Almost half of the population of England and Wales identifies itself as having no religion, outweighing the number of people who say they are Christian.
In 2014, 48.5% of those asked referred to themselves as having no religion, compared to the 25% that fell into the "none" category in the 2011 census.
Those who defined themselves as Christian - Anglicans, Catholics and other denominations - made up 43.8% of the population, the Guardian reports.
Stephen Bullivant, senior lecturer in theology and ethics at St Mary's Catholic University in Twickenham, told the newspaper there was a "clear sense of the growth of 'no religion' as a proportion of the population".
He said: "The main driver is people who were brought up with some religion now saying they have no religion.
"What we're seeing is an acceleration in the numbers of people not only not practising their faith on a regular basis, but not even ticking the box.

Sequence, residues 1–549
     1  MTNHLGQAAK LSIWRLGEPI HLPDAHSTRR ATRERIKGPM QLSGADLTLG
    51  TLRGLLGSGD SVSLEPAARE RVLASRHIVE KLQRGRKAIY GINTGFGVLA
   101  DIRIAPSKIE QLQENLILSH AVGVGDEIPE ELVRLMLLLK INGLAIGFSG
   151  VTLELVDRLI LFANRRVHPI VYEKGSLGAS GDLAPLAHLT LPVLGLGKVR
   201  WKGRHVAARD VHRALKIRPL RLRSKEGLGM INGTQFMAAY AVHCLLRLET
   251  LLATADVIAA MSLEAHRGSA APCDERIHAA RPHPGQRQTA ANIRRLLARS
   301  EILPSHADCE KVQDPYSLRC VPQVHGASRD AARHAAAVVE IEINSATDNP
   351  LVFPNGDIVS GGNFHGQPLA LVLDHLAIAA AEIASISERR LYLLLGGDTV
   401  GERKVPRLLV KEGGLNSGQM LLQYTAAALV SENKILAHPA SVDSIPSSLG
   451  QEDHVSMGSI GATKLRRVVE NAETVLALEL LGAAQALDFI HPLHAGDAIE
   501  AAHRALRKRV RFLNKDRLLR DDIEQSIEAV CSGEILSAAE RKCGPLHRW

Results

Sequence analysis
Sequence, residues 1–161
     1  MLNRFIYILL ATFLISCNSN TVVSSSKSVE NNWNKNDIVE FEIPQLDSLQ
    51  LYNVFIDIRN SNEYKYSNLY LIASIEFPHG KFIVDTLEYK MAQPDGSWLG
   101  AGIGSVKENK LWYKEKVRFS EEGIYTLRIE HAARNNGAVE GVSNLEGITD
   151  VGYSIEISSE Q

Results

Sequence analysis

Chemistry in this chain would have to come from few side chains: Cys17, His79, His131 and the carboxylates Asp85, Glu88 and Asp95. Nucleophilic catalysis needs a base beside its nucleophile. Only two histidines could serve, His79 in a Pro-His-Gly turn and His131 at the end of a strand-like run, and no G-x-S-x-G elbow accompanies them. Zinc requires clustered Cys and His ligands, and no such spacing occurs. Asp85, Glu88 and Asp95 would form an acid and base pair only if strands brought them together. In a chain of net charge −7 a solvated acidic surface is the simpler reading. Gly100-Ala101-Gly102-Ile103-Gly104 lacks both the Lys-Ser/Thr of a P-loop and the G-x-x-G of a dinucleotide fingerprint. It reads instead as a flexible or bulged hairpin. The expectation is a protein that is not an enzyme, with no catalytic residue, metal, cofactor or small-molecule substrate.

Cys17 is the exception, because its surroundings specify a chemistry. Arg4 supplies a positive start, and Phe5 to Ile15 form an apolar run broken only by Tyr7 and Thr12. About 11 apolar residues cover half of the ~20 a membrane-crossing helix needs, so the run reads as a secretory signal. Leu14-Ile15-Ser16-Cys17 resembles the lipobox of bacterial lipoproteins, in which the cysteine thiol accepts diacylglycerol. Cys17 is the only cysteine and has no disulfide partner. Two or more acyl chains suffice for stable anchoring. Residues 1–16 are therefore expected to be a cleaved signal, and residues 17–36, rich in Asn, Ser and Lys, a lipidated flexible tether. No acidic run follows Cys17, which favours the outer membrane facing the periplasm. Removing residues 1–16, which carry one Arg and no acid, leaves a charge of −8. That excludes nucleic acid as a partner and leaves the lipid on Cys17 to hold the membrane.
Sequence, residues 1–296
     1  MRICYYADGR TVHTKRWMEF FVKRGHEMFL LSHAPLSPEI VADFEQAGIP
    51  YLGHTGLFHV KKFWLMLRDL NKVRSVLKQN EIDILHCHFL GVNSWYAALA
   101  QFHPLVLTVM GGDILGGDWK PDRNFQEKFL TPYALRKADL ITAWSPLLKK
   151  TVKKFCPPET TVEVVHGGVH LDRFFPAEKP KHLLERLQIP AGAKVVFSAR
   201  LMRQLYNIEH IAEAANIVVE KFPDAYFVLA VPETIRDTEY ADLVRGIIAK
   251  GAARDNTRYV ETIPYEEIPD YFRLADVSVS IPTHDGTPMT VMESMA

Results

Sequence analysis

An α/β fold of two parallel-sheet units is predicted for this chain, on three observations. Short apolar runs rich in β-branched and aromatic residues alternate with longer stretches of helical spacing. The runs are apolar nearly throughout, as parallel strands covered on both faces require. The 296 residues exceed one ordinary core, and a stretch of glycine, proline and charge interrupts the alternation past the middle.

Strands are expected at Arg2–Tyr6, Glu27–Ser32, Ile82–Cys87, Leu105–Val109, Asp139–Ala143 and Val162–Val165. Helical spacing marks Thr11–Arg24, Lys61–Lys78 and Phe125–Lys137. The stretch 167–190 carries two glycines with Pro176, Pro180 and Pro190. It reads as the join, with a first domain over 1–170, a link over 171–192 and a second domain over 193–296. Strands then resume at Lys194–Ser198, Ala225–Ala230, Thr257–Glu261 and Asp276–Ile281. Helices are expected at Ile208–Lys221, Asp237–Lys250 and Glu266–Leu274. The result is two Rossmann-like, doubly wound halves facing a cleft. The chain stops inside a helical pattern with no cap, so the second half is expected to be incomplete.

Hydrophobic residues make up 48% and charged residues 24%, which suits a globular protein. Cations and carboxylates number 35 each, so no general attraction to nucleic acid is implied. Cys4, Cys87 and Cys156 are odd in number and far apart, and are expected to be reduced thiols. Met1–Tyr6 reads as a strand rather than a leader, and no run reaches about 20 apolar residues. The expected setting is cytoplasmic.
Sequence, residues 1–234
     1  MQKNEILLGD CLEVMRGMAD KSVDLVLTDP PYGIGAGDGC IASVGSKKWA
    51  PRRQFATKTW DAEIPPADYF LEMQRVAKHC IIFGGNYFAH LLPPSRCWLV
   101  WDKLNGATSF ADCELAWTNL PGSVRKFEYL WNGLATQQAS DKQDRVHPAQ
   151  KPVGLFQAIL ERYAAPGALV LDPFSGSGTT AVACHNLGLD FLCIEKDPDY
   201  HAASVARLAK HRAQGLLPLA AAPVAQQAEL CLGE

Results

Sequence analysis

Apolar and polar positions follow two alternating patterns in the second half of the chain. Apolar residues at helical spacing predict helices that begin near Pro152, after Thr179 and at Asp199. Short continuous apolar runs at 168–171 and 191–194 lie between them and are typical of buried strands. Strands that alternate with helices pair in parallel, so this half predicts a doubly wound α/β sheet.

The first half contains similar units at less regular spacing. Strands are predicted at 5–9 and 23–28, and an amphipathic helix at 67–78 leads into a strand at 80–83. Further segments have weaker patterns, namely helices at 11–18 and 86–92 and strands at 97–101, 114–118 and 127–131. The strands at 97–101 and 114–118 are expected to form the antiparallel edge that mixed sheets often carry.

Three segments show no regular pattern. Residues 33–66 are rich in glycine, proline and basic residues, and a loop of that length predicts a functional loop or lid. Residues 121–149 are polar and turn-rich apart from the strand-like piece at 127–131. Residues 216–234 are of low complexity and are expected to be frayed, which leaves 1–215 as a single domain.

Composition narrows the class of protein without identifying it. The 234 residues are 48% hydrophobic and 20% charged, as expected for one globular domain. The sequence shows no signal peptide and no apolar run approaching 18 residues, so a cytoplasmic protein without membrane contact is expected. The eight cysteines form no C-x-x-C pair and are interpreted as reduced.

"The reason for that is the big question in the sociology of religion."
He analysed data collected through British Social Attitudes surveys over three decades, but the report, Contemporary Catholicism in England and Wales, did not look at data from Scotland or Northern Ireland.
According to Dr Bullivant's report, which will be launched at the House of Commons on Tuesday, the Anglican and Catholic churches are struggling to retain people brought up as Christians.
The proportion of the population describing themselves as Anglican plunged from 44.5% in 1983 to 19% in 2014. Catholics made up 8.3%, other Christians 15.7% and non-Christian religions 7.7%.